Crossing Borders

Crossing Borders

These videos explore the power of cross-cultural friendships in confronting hurtful generalizations and stereotypes.

Grades

7 - 12+

Subjects

Anthropology, Geography, Human Geography, Religion, Sociology

Content Created by
Crosssing Borders Films

The relationship between the Muslim and Western worlds has been cast as a clash of cultures—a war between civilizations in which one is destined to prevail over the other. But is this so? What are the real attitudes and viewpoints of ordinary Americans and ordinary Muslims?

These video clips from the seventy-minute documentary Crossing Borders, created by Crossing Borders Films, aim to give a personal face to the “other side” through the experiences and interactions of four American university students and four Moroccan students traveling and living together in the moderate Muslim state of Morocco. By avoiding a focus on extremism, the videos provide us with a sense of ordinary citizens on both sides whose voices are often not represented by the media—citizens working to overcome the artificial separation between “us” and “them.” Through frank discussions, the featured students confront the complex implications of the supposed culture clash and build relationships that disarm hidden stereotypes.


Clip Summaries:

“On Stereotypes”: This clip introduces the group of four American and four Moroccan students who will travel and live together. The students express their concerns about stereotypes imposed on them and their hopes for this opportunity to get to know people from another culture.

“On Communication Styles”: The students have their first group discussion, which includes an emotional disagreement among the Moroccan students, and they talk about their communication styles and how their different cultures respond to disagreement.

“On Politics”: The students engage in frank discussions about politics, challenging each other on what the Muslim youth see as American abuse of power and what the American youth see as Muslims’ irrational actions.

“On Religion”: The students share the roles religion plays in their lives, how their actions are impacted by their beliefs and faith, and how extremists use religion for their own benefit.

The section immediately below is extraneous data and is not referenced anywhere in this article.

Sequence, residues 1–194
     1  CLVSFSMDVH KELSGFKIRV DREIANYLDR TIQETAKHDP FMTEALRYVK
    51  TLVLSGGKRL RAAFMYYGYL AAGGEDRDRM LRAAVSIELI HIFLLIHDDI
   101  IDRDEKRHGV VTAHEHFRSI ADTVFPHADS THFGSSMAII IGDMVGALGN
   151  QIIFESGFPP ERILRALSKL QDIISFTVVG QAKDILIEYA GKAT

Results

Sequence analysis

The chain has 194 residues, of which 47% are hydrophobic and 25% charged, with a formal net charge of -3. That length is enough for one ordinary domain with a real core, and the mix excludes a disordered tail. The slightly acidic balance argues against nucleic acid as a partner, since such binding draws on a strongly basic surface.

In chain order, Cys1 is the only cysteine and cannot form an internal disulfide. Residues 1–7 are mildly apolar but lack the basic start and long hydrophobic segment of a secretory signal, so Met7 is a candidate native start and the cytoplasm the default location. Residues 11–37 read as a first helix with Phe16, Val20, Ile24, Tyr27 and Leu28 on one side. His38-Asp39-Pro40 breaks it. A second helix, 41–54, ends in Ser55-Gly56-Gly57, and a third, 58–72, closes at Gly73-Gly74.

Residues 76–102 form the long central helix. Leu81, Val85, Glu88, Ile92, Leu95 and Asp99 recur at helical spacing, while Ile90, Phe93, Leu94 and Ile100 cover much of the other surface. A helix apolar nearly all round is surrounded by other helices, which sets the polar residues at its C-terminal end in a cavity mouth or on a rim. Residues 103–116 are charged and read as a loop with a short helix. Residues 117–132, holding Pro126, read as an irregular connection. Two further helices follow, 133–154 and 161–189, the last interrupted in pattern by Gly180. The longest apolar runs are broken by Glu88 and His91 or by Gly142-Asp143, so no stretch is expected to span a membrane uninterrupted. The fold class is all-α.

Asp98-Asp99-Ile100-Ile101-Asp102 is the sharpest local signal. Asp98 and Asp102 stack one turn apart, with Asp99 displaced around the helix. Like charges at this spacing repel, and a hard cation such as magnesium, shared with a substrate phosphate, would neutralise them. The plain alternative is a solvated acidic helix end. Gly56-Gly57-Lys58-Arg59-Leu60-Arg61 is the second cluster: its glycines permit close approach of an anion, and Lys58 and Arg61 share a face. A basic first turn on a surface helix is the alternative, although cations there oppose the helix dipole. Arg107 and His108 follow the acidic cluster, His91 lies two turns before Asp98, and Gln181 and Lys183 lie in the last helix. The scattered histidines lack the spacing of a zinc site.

Fast Fact

  • There is no scientific count of Muslims in the United States; however, the most commonly cited figure is six to seven million. Muslims in the U.S. are a diverse population, representing a broad range of ethnicities; this population’s members come from all of the five major continents.

Fast Fact

  • The niqab (veil) is a symbol of modesty within several Muslim cultures. There are a variety of interpretations within Muslim cultures of how the value of modesty should be expressed in the behavior and clothing of Muslims.

Fast Fact

  • The word “Islam” or “Islamic” should be used to describe the religion and its subsequent cultural concepts. The word “Muslim” should only describe the followers of the religion of Islam, for example, “The Muslim woman followed the tenets of the Islamic religion.” The word “Islam” is derived from the Arabic root “Salema,” which means peace, purity, submission, and obedience.

Fast Fact

  • Islam is the world’s second largest religion, with nearly 1.5 billion followers globally. Today Islam is the world’s fastest-growing religion.
Media Credits

The audio, illustrations, photos, and videos are credited beneath the media asset, except for promotional images, which generally link to another page that contains the media credit. The Rights Holder for media is the person or group credited.

Writers
Elaine Larson, National Geographic Society
Arnd Wächter, Crossing Borders Films, Crossing Borders Films
Editor
Christina Riska Simmons
Producers
Elaine Larson, National Geographic Society
Samantha Zuhlke, National Geographic Society
other
Last Updated

September 27, 2022

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